A legacy system, for the most part, is outdated computing software and/or hardware that is still in use. These systems still meet the need for which they were originally designed for, but they rarely allow for exponential scaling in terms of usage and functionality. With the technological advances happening right now, businesses find it difficult to hire employees who can operate legacy systems as it requires specific skill sets which are often outdated. Additionally, it can be difficult to automate processes and innovate when using legacy systems.
As long as the legacy systems continue to serve their purpose, businesses using them may not find the necessity to change or replace them. Utilising outdated legacy systems, however, presents a number of challenges that aren’t immediately apparent. Statistics suggest that businesses that still rely on legacy systems spend about 60-80% of their IT budgets to keep them running. Additionally, these systems are also more prone to vulnerability attacks, take more time and money to develop, and do not integrate well with newer technologies.
Keeping legacy systems running not only costs businesses more money, but they also contribute to dissatisfied employers and customers, poor brand reputation, and a lack of innovation. Businesses need to understand the limitations and negative impacts of legacy systems and consider application modernisation by moving them to the cloud.
Welcome to the cloud
The technological building block of any business is its digital workload or assets–involving servers, storage, networking–all utilising your data to do something meaningful. A datacenter is a dedicated space where digital assets and workloads are stored. Datacenters can be owned by a company or they can be managed by a third party. The former is known as an ‘on-premise’ datacenter, while the latter is known as public cloud.
In simple terms, running your business logic on the cloud means utilising a third-party digital workload to run your business logic.
The advantages of cloud-based systems over legacy systems are numerous.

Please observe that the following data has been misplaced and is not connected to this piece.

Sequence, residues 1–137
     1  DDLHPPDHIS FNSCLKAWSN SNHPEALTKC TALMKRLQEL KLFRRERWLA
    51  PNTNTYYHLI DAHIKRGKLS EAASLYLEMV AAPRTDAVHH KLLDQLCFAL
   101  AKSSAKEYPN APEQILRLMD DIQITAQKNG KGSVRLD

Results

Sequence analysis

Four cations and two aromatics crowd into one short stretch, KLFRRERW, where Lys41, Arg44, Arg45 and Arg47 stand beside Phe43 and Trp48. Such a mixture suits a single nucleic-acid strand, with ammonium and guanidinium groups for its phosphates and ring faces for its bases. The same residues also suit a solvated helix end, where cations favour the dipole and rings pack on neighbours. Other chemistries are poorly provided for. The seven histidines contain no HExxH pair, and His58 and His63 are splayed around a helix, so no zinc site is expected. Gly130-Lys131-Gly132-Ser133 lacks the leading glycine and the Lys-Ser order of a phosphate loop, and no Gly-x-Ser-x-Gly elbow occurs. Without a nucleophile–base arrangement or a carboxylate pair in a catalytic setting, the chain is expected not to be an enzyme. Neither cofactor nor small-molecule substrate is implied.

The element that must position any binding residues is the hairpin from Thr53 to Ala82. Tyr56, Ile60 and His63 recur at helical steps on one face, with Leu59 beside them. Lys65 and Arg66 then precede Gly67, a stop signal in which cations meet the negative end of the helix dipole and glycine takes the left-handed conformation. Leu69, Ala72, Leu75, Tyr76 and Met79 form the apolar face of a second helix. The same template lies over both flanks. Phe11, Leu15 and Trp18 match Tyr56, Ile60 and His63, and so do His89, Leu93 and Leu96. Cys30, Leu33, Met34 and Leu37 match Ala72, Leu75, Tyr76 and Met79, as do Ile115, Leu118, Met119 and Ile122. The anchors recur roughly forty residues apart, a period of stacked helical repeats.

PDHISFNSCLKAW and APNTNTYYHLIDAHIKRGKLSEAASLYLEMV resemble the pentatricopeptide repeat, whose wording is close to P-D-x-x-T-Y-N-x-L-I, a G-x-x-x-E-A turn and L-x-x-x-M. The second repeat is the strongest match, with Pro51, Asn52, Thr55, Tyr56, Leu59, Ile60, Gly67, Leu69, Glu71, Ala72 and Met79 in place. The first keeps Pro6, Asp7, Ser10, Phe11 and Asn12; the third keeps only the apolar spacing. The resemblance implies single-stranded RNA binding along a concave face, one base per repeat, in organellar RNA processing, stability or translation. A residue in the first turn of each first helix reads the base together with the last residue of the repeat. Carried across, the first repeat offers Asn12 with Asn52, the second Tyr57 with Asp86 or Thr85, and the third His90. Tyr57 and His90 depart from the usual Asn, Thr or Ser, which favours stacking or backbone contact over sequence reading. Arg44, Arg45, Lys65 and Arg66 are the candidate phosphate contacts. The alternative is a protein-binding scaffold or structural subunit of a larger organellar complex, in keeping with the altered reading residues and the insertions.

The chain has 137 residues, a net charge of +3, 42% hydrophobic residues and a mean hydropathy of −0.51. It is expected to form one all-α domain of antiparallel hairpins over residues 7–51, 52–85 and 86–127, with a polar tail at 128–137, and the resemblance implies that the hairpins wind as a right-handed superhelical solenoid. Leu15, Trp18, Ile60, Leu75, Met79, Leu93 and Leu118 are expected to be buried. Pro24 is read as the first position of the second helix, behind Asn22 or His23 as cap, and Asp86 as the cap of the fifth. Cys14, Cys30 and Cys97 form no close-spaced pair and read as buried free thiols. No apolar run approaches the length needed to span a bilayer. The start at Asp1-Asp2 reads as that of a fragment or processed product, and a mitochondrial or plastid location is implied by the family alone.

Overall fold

Elasticity and Scalability
Unlike traditional datacenters, the cloud allows you to scale workloads quickly, cost-effectively, and reliably. As a result, you can meet demand quickly.
Keeping legacy systems running requires a lot of maintenance. Cloud computing is cost-effective when migrations and requirements are well-planned and defined. By scaling based on demand, you can minimise idle server resources, which means one only has to pay for what they use, i.e., a move to an Operational Expenditure (OpEx) model where you are only paying for the operations and don’t require capital expenditure for hardware or datacenter space. A business can also opt into different cost-saving schemes offered by vendors if they seem beneficial.
Less maintenance required.
Cloud service providers also offer serverless or managed workloads. This includes storage, networks, and servers that you do not need to maintain, saving you money and human resources.
Integrating with and utilising other services provided by the same vendor is easy. AWS, for instance, provides service logs and metrics of the client’s services by default via their logging solution.
What is the process involved in moving your business to the cloud?
Cloud migration must be done iteratively in phases with regular feedback cycles and measurable success metrics reviewed. A cloud consultancy would work with you to identify the best migration strategy for your business factoring in risk, cost, maturity, compliance and security to ensure they make the best choice and see real value from increased control, agility, developer productivity and an improvement in resource utilisation.
Assessing your current capabilities across people, skill, processes and tools against those required for optimal public cloud adoption by industry.
Identifying the legacy systems that are in use by clients and plan a strategy to leverage the public cloud by modernising them. This includes re-factoring the applications into cloud-native microservices to re-platforming traditional apps on container platforms.
It’s also advised to look at improving existing cloud architecture by creating well-designed, efficient CI/CD pipelines and isolated environments to convert the technical stack into achieved business goals.
Security and Optimisation
Increase data protection on business cloud infrastructure and applications and comply with industry standards.
To make the most of your cloud infrastructure, generally consultants assist clients in identifying cost reduction opportunities, equip them with optimisation techniques, and assist them in adopting new products and services. In addition, periodically review the success metrics and the progress of the cloud adoption process to ensure it aligns with the business goals of clients.
While moving to the cloud can bring its benefits, it is the responsibility of the business to ensure the security, governance, and resiliency of their services.
As businesses increasingly move to cloud-based models, the need for a reliable cloud computing consultancy has never been greater. A cloud computing consultant can help organisations navigate the often complex world of cloud computing. They can provide advice on everything from cloud provider selection to cloud migrations to optimising cloud deployments. In addition, cloud computing consultants can help organisations to keep their cloud costs under control. A company such as esynergy, has extensive experience in cloud migration projects all the way from planning to successfully executing it and helping businesses achieve their goals.